Mainstream critics tend to miss the boat when it comes to found footage movies, and they’ve done it again with As Above, So Below.
You can’t really blame them. Found footage (or POV horror) is a genre that requires victims of a horror movie to tote around cameras while running for their lives. You see everything from their point-of-view and some noble (or perverse) soul presumably cuts all of the footage together later on. The most famous example is, of course, The Blair Witch Project, although the Paranormal Activity franchise has become a low-budget juggernaut. And that’s the problem – for every good found footage movie, there are at least a half dozen bad ones.
Critics also aren’t trained to watch them with the analytical eye they would more cinematic narratives, and those born before music videos redefined the entire film industry in the 80s and 90s may not prize the genre’s best tool – aggressive jump-cut editing – as highly as those born after.
So you can’t blame the critical community, but you can call them out when they miss on a gem like As Above, So Below.
The strength of the film is Perdita Weeks, playing urban archaeologist Scarlett Marlowe. Her character’s a clear nod toward franchises like Indiana Jones and Tomb Raider. She’s introduced sneaking into an Iranian tomb that’s minutes from being blown up, searching for the Rose Key. This will allow her to translate the words on a gravestone back in Paris. Believing the mythical Philosopher’s Stone is hidden in the Paris catacombs, a warren of graves which stretch for miles below the city, she recruits a less-than-ideal team of cameraman, translator, and urban spelunkers. It’s a wing-ding of a plot, but no moreso than the kind we normally heap on Nicolas Cage, Harrison Ford, or Tom Hanks.
Like the ladykillers I just mentioned, Scarlett also has a roguelike history of using her charm to get others to risk their lives with her, and isn’t above leaving an ally in a Turkish jail if it gets her closer to a historical truth. Her infectious curiosity also makes the suspension of disbelief easier, even when her team discovers the gates of Hell buried beneath Paris.
She also brings an unabashedly British brand of cheer and determination rarely seen in horror movies. Climbing through a tunnel full of loose bones, she turns around to reassure her hyperventilating cameraman, “It’s really not too bad.” When terrifying sounds travel down a dusty corridor and her team cowers, she marches straight at the fresh terror with a resounding, “[Bleep] that, I’m going.” The horror genre as a whole has developed a bad habit of casting victims – no leaders. Scarlett is a refreshingly complete leader in a genre typically based around victims cowering into their cameras.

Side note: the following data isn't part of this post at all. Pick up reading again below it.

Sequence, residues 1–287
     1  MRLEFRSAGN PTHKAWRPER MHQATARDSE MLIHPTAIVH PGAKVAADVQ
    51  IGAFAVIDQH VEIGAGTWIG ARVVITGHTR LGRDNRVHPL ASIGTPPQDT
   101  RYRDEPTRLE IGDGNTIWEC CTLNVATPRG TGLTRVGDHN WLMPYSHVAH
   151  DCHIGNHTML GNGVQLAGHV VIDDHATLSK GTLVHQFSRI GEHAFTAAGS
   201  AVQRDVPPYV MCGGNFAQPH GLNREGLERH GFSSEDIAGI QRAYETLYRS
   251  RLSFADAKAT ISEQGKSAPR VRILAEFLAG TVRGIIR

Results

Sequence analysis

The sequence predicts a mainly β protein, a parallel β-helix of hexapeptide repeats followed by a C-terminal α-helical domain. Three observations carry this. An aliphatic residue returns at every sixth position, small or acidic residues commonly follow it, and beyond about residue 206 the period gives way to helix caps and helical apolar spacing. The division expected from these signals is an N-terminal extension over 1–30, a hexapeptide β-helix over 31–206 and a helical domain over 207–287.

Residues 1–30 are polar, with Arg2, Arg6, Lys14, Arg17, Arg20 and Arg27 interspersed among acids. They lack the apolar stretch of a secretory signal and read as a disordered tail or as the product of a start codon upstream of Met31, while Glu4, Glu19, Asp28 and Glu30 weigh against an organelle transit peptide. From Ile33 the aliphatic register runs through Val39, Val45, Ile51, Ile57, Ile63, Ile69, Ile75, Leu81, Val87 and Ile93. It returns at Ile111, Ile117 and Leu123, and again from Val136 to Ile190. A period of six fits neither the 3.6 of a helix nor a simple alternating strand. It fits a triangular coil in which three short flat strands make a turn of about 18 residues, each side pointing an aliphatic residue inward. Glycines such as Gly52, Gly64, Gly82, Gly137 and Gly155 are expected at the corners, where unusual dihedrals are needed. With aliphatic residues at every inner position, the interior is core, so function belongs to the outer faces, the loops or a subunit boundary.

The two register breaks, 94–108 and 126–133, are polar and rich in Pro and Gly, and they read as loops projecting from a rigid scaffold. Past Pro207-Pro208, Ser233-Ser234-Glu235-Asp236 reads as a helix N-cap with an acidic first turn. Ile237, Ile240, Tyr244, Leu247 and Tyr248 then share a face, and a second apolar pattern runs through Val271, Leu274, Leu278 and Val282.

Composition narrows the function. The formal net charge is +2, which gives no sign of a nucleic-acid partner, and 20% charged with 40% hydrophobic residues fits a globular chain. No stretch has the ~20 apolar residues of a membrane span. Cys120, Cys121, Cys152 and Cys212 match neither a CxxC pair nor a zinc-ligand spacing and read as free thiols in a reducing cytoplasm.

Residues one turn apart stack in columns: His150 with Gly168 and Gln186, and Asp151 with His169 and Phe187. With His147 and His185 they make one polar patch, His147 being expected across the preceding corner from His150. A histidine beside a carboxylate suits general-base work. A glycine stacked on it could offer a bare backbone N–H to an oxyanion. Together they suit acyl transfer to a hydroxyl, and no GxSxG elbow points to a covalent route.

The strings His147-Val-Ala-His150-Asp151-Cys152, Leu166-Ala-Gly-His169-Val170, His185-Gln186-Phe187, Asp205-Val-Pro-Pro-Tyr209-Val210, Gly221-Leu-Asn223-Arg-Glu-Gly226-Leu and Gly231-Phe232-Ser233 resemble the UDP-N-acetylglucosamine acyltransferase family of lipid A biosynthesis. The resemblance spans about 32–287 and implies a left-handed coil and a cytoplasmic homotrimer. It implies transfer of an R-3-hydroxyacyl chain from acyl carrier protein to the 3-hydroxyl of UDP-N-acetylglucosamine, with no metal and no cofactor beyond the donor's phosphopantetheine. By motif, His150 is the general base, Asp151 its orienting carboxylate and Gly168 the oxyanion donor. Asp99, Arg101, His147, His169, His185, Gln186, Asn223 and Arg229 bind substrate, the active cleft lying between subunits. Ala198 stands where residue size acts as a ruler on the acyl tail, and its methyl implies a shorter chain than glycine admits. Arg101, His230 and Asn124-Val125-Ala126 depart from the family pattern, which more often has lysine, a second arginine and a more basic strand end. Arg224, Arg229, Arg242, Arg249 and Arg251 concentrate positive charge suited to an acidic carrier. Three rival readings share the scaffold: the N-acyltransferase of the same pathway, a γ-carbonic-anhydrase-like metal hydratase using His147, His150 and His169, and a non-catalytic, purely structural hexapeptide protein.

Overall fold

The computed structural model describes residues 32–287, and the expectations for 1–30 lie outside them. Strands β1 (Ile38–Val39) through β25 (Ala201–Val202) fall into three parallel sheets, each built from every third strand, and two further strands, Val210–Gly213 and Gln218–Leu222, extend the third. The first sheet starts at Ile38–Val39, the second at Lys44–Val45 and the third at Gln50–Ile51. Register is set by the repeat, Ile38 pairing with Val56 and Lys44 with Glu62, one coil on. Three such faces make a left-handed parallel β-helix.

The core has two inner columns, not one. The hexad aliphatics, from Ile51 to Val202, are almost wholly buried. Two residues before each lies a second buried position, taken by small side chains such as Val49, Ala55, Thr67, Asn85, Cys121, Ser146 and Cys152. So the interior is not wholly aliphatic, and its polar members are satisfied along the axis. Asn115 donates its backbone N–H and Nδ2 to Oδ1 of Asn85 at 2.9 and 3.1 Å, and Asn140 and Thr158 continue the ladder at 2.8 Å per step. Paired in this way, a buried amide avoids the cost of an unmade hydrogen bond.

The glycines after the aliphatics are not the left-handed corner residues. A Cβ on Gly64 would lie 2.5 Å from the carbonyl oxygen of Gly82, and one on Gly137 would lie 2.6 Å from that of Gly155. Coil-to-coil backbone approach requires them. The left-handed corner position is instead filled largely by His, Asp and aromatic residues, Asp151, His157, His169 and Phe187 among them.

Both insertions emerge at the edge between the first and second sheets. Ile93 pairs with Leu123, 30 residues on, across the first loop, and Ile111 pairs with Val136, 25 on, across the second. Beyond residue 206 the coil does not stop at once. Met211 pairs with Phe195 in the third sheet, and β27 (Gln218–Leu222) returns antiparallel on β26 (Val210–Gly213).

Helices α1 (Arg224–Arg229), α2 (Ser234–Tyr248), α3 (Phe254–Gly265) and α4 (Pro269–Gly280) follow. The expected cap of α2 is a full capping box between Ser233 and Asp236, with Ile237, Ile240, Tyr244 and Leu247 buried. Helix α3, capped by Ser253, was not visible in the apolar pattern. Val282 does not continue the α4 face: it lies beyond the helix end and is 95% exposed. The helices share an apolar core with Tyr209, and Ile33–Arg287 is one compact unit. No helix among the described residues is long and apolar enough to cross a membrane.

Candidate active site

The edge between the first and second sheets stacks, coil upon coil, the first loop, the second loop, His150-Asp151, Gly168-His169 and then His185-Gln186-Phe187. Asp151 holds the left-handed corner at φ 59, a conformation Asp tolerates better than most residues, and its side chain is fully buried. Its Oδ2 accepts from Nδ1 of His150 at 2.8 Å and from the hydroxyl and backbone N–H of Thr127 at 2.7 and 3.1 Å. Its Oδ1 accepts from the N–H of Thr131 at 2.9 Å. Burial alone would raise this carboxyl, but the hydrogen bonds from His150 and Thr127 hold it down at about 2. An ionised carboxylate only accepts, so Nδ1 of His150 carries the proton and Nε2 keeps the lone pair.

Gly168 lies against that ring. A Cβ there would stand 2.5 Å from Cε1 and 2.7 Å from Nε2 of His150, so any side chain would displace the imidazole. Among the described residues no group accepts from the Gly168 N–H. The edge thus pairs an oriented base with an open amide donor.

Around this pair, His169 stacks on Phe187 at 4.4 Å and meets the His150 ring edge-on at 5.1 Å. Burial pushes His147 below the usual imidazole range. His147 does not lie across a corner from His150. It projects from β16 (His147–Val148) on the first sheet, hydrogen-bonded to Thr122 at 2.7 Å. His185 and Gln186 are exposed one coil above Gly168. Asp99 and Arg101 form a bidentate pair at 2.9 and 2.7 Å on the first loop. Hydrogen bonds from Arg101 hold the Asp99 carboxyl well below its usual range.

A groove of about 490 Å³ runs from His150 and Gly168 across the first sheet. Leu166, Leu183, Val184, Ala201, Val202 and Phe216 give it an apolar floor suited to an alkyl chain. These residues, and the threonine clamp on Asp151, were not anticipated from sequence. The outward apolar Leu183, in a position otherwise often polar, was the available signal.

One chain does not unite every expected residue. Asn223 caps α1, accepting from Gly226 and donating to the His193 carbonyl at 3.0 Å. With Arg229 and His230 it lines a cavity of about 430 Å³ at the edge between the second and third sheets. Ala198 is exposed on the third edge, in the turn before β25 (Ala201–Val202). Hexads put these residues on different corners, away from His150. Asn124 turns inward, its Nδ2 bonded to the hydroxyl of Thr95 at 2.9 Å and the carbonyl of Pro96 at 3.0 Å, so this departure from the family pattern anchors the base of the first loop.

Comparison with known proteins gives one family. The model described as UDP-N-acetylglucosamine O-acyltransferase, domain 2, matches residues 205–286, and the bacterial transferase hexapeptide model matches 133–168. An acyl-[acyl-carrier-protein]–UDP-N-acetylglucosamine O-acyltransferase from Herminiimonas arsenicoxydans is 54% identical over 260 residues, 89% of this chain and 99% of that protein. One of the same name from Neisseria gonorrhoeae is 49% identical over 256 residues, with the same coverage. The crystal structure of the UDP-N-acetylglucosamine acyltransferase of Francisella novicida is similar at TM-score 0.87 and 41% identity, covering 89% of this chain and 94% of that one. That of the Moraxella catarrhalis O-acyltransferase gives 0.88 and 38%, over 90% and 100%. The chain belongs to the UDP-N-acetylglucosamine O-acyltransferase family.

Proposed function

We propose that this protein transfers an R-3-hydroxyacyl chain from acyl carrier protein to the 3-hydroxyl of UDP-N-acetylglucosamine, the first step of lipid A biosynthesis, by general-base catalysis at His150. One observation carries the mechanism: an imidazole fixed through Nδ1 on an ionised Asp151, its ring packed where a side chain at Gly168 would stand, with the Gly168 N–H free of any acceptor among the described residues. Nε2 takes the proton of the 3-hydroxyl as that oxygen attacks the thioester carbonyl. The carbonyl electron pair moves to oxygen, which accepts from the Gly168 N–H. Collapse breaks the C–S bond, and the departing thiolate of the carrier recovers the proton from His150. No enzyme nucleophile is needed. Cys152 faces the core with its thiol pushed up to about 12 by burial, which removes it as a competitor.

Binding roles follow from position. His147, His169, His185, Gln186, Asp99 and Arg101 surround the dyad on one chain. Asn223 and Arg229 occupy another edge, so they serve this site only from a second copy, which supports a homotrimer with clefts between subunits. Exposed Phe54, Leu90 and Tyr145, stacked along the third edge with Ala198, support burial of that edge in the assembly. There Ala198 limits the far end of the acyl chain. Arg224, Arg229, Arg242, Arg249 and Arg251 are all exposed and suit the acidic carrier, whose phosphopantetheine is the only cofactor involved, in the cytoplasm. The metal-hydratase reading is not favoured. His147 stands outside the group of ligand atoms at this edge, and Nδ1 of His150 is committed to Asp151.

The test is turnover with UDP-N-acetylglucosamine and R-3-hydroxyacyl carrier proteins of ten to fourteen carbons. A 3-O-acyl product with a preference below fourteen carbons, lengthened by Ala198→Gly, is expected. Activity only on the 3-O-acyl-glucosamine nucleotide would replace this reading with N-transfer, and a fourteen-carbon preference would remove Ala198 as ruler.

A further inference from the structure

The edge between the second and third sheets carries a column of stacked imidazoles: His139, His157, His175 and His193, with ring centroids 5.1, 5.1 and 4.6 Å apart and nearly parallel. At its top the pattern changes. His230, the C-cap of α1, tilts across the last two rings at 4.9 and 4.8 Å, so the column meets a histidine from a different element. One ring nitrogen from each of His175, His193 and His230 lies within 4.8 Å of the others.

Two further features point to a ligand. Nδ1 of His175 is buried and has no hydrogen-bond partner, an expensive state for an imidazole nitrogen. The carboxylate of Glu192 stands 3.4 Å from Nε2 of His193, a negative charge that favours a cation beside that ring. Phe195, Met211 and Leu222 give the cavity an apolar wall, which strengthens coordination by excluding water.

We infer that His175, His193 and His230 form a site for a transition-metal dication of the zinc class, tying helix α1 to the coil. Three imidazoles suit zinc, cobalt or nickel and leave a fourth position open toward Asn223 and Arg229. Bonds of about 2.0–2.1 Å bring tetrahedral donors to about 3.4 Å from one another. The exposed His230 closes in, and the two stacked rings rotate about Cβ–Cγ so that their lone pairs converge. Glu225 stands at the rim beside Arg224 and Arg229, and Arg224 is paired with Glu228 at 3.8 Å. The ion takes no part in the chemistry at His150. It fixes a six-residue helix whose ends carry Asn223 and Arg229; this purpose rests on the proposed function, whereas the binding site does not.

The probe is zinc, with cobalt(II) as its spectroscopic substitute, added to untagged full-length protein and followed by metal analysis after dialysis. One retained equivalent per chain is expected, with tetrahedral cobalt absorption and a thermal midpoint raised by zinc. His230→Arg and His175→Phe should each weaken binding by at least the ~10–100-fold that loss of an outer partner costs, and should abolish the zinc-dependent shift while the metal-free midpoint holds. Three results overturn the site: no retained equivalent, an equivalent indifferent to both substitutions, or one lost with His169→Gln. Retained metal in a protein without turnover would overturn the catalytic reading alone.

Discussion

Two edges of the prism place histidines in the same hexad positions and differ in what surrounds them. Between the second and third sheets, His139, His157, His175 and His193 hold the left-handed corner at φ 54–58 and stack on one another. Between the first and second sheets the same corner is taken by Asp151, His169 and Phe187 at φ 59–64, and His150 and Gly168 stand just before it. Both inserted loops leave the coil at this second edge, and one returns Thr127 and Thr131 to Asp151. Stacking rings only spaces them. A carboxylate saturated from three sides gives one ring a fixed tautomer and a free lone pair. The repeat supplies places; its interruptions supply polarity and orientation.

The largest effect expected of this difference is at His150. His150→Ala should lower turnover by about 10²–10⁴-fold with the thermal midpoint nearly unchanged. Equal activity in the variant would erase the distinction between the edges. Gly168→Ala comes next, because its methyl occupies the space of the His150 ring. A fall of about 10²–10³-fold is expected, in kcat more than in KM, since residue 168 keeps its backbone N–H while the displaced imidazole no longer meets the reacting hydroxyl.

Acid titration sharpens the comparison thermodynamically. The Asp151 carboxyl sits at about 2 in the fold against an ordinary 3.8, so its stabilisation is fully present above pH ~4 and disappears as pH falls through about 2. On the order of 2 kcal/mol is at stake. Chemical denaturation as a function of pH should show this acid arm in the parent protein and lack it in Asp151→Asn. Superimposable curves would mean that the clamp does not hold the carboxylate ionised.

As Above, So Below does cheat a little. We see from every camera’s perspective, even those strapped to characters later lost to Hell. I don’t think the presumed editor of this all said to himself later on, “I’m going to run down to Hell real quick to grab the rest of the footage.” There’s also a much stronger editing hand than you typically see in found footage movies, especially as the scares ramp up. These cinematic cheats begin to make the movie a bit of a genre mash-up – it uses the techniques of found footage, but by the end, it’s really more concerned with being a movie than in creating a faux sense of “this really happened.”
There’s one more thing to like about the film – its pervasive sense of dread. There are jump scares here, but they aren’t as numerous as you’d suspect. The movie’s focus on rhythm, pace, and behind-the-scenes choreography lets those jump scares shine. I’m not a jumper, but this one had me going.
The film does break down a little toward the end, compiling too much action into too short a time – nearly all found footage films suffer from balancing the action of a climax without breaking the pseudo-reality they’ve established before. As Above, So Below has a clever ending, but it’s a 93-minute movie. Another 10 minutes to maintain the pace established earlier could have improved things.
It’s my favorite horror movie this year, and the best since last year’s You’re Next. It’s not exactly a cinematic triumph, and it’s ridiculous around the edges – I mean, read that plot again – but it’s very effective, and that’s what matters. If you don’t like POV horror, this won’t convert you, and if it makes you nauseous, the camerawork here is some of the shakiest around. If you are a genre fan, however, this is a very solid film in a year starved for good horror.
As Above, So Below is rated R for violence, terror, and language.